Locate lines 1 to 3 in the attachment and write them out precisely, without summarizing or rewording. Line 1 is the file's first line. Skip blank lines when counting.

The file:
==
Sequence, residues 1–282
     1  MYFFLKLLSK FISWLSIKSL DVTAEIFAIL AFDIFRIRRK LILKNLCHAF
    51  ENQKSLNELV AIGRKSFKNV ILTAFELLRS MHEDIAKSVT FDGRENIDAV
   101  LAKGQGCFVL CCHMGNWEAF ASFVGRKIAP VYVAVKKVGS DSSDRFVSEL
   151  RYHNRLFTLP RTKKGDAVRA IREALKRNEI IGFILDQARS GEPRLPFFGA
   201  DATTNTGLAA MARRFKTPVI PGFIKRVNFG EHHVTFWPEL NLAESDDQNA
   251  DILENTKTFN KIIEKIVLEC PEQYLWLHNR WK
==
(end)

Sequence, residues 1–282
     1  MYFFLKLLSK FISWLSIKSL DVTAEIFAIL AFDIFRIRRK LILKNLCHAF
    51  ENQKSLNELV AIGRKSFKNV ILTAFELLRS MHEDIAKSVT FDGRENIDAV